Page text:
You sit back and look out the office window. Another workday is almost over and you've been asking yourself the same question with no solution in sight. You could stare into the bottom of your coffee mug and ask it again but nothing comes. "Where can I find new IT leaders for coordinating my work teams?"
This is something that many middle-level managers and executives struggle with on a daily basis. They could be technology officers within large corporations or global IT firms; they could be working in government agencies or non-profit organizations; or they could be anywhere in the world and their boss has challenged them with developing new projects. Many of their workers are telecommuters. They are expected to make miracles happen, but they don't know where to find the talent to lead their work teams. The answer is often that they cannot wait for an outsourcing firm to provide them with new leadership talent. They must try harder to develop leaders from within their own organization.
The Background on Finding IT Leaders in Your Organization
If this is your current situation, you have two choices. The first is to lose more sleep tonight worrying about the lack of management talent in your division. The second is to come up with a training plan that develops people within your organization. The latter option is not that hard to implement when you work with an external training partner.
What Skills Do You Think Employees Will Need to Become Strong IT Leaders?
If you know the skills that successful managers have used to lead IT teams, write them down in one list. This could be a short list of the most essential supervisory skills (i.e. conflict resolution and negotiation skills) or they could include a longer list of managerial skills that extend beyond face-to-face interaction, including time management, writing skills, and presentation skills. You could take a long list of skills and later rank the items on it according to priority. Spend time considering the names of potential candidates within your division. Ask other managers for their suggestions. The people on this list could participate in the first version of your training program.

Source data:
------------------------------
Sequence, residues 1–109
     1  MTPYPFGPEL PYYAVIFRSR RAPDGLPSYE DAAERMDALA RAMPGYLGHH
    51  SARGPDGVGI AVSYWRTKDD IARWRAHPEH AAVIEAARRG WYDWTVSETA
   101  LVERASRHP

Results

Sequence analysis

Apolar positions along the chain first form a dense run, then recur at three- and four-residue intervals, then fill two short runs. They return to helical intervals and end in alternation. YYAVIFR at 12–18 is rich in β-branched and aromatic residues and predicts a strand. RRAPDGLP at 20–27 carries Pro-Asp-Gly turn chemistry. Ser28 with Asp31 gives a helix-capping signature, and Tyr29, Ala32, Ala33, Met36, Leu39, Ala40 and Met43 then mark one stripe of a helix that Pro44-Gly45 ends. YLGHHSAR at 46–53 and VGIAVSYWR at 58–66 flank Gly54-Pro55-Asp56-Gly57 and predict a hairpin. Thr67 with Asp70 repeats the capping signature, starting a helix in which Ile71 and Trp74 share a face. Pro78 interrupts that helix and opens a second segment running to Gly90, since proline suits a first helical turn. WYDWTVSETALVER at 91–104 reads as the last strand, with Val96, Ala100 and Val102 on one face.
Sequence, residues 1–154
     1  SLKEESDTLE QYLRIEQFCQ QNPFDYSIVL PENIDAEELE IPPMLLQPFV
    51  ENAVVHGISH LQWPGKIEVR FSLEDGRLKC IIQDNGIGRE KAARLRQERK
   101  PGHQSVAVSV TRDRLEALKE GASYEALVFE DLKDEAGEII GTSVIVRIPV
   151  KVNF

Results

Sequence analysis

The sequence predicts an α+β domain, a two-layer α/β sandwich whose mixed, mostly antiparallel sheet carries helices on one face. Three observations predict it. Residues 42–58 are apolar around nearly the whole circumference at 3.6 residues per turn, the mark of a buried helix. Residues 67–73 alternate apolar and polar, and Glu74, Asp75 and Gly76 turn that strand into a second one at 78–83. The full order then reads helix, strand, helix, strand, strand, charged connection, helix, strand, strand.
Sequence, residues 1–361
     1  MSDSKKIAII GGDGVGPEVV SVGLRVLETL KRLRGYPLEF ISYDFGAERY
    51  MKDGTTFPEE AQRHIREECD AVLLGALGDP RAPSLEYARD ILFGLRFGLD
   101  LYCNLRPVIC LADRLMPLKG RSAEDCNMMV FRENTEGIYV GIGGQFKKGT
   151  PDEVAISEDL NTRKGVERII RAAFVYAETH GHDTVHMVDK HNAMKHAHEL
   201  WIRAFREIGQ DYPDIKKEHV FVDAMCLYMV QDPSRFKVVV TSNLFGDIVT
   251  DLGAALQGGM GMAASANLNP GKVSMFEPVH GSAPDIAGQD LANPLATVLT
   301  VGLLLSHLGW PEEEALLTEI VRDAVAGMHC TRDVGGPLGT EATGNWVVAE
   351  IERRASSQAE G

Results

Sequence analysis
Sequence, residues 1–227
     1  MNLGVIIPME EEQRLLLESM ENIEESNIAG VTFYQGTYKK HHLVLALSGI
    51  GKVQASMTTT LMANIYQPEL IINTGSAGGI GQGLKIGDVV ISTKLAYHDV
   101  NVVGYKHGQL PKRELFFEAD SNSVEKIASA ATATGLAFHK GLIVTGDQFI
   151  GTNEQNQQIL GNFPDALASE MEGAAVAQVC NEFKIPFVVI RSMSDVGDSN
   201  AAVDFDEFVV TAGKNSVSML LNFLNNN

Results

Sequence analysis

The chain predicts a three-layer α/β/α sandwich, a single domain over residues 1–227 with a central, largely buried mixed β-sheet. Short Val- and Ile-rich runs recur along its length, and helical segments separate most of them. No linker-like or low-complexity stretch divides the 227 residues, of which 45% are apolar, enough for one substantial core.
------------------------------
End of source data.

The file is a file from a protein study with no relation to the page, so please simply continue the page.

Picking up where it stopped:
What Skills Do Employees Think They Need to Become IT leaders?
It doesn't hurt to write a survey that asks potential candidates to describe the skills that they think they will need to become leaders. For example, they may know that they require further development in the area of emotional intelligence, which includes skills such as active listening and showing compassion, empathy, and understanding. Internal candidates already know what it is like to work in the company and have internalized its operating practices. You can target a new training program to address the skills that they lack. While you could get survey responses including a wide range of skills, it's possible to reduce this list. You can prioritize the leadership skills from most important to least important as it depends on your current organizational culture. You might have to research what other firms are doing to develop their IT leaders. It's easier to ask your training partner.
Think About How to Create Training Scenarios
When you lead an IT environment, your work teams often include people who collaborate on projects. Therefore, it's imperative that you work with a training partner to develop a new solution that allows them to develop skills in real-life or simulated scenarios. For example, you want to design a training component in which people collaborate in an IT project. A future leader must lead the team (even if it consists of other future leaders) and assume responsibility for the project's completion.
A training project could be something the company needs or wants, but it should include opportunities for future leaders to make decisions, to provide coaching, to fail and get corrective feedback from trainers, and then to try again. The more authentic a project-based learning component is, the more future leaders can get ready for their new roles.
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